I hope this hellps, building your own home can be done in a timely fashion if you know what you are doing 6 months is possible. However, a year is more likely the real time frame.
2 votes Thank Flag Link Thu Jun 7, 2007
The reason building a new home can initially seem so complicated is because there are so many details that you have to put together. Here are the things you will need.

Steps 1. Buy land if you don't already own some. You will need to either pay cash for the land, get a land loan from a bank, buy land from the seller with owner financing, or find a seller willing to wait for you to get house plans a building permit and a realtor willing to wait months for their commission (highly unlikely). Buying the land with a land loan first allows you to take the land off the market so others cannot buy it before you do. It also allows you plenty of time to pick out house plans, submit the plans to the county for approval and obtain a building permit all while obtaining the best construction loan. Construction loans can include the land into the construction loan only if you already own the land with a land balance to add into the construction loan.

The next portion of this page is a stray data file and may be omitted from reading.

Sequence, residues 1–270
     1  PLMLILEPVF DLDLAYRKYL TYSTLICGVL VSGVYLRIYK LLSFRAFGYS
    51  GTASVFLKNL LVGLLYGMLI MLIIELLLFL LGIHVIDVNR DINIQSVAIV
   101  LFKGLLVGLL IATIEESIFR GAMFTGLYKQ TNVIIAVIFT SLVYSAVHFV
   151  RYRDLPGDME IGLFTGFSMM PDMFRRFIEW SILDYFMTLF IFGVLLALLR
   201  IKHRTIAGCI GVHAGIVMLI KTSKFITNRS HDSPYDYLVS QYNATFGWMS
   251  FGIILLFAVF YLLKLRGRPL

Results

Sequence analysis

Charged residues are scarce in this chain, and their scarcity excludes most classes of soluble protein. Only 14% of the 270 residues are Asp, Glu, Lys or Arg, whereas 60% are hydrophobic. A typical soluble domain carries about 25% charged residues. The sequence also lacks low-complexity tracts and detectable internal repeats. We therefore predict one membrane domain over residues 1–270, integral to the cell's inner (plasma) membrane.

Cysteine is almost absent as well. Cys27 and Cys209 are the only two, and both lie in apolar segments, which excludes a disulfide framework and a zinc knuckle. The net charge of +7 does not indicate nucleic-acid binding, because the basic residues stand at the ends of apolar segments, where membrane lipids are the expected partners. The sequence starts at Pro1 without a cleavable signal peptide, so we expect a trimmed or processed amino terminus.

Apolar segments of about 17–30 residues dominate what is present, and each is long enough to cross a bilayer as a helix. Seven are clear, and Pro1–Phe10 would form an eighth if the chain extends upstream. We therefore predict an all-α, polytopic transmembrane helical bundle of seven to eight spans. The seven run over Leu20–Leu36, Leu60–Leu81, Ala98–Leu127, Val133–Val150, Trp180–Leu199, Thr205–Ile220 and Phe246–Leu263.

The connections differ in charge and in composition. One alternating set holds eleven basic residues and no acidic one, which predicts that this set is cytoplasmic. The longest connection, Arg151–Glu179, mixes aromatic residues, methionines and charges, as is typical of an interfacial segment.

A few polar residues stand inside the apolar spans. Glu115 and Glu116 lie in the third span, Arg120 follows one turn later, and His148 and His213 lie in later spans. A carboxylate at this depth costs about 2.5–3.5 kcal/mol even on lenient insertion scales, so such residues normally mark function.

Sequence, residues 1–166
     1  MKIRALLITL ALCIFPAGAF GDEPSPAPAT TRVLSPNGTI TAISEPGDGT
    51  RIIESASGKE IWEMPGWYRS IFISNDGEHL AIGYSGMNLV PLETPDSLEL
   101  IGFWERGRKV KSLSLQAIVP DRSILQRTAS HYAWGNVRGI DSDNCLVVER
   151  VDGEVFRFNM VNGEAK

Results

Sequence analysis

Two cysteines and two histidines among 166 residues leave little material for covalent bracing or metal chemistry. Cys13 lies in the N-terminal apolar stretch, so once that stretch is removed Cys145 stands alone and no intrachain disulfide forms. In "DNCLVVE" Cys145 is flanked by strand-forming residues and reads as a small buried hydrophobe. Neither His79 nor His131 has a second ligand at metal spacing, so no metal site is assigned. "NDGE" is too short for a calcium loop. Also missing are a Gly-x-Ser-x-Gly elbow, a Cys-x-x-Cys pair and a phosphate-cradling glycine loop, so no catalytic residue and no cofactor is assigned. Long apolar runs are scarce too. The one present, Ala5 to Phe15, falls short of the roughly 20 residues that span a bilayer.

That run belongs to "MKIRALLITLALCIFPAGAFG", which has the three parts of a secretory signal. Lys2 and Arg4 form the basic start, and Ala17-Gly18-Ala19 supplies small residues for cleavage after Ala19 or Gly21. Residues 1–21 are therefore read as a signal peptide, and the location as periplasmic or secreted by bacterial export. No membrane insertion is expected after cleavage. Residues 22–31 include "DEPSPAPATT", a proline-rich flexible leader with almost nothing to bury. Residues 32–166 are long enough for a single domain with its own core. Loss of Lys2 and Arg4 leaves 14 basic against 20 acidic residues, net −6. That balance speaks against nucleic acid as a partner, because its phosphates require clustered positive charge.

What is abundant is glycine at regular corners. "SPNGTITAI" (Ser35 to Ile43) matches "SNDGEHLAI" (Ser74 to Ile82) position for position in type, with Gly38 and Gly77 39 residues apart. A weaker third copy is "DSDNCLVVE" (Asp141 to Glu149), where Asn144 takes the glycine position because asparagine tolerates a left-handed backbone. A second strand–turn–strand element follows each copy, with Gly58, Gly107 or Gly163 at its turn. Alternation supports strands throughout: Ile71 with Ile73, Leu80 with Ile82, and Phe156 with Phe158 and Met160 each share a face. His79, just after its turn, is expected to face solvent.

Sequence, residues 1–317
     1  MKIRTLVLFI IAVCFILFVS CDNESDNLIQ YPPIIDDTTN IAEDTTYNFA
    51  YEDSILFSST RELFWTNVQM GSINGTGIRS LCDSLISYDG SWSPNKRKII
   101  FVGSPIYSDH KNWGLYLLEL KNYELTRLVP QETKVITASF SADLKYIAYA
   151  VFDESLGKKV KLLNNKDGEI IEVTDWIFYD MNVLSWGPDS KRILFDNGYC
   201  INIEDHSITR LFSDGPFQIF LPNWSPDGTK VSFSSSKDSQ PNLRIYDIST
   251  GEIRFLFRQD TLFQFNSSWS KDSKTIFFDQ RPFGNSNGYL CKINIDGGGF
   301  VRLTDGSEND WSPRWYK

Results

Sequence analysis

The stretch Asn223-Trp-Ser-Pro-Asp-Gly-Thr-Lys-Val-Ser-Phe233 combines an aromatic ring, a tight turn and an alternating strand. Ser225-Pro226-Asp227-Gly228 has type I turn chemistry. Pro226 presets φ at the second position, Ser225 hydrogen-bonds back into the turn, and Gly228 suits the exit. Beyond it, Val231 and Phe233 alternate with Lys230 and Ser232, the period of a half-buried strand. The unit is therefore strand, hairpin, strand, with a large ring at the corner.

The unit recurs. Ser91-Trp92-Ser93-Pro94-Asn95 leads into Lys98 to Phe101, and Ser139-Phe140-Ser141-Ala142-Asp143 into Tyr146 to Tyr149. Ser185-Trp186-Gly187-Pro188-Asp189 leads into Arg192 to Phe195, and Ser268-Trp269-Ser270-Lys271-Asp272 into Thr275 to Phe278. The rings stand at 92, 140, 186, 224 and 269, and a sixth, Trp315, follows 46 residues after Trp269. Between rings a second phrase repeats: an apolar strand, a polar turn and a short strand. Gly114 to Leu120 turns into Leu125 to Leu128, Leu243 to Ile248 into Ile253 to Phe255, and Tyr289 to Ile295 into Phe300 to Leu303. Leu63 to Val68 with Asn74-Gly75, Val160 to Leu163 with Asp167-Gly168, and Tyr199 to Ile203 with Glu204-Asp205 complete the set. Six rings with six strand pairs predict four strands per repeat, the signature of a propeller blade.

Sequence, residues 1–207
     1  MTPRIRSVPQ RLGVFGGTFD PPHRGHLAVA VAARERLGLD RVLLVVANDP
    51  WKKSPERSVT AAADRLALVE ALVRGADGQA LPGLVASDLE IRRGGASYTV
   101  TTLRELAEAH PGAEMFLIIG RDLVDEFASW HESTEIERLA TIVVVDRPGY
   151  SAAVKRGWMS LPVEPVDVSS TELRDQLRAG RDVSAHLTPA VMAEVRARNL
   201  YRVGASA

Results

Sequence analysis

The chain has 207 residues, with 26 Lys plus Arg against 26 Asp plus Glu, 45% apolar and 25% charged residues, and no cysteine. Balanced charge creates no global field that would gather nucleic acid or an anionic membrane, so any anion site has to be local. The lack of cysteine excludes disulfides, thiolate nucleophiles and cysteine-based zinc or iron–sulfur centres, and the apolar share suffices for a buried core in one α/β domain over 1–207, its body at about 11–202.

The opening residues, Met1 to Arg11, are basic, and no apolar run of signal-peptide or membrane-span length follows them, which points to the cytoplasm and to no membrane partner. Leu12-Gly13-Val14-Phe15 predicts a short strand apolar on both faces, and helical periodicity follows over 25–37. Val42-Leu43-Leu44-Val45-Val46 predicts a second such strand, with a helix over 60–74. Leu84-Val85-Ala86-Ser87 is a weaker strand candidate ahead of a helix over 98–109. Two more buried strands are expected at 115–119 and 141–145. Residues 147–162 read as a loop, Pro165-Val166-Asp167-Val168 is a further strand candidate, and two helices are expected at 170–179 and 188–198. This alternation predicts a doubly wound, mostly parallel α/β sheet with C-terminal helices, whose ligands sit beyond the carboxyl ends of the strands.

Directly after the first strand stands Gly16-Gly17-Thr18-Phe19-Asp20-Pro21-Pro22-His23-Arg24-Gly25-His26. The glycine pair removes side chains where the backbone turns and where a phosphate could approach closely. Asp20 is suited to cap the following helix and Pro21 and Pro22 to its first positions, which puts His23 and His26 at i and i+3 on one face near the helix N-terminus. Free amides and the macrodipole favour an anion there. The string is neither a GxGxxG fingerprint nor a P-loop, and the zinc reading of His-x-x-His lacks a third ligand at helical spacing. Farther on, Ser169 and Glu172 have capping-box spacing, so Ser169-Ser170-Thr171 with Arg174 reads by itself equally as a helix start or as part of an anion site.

Pick out a house plan. There are some great house plan resources on the internet. Just go to Google and type in "house plans" or "architect" for your local area and you will have more sources than you can handle. Once you pick out a house plan that fits your needs and expected budget, simply buy a few sets and start getting estimated bids from builders.
Decide whether to hire a builder or be an owner-builder. The goal of being an owner builder is mainly to save money. Some people can save quite a bit of money if done correctly. However, some people are not meant to be owner-builders, as it takes a strong personality to manage contractors. Possible problems when acting as owner builder:
Construction cost overruns
The best banks with the best rates require a builder or supervisor
Managing contractors to finish on time or to show up for work
Depleting your personal savings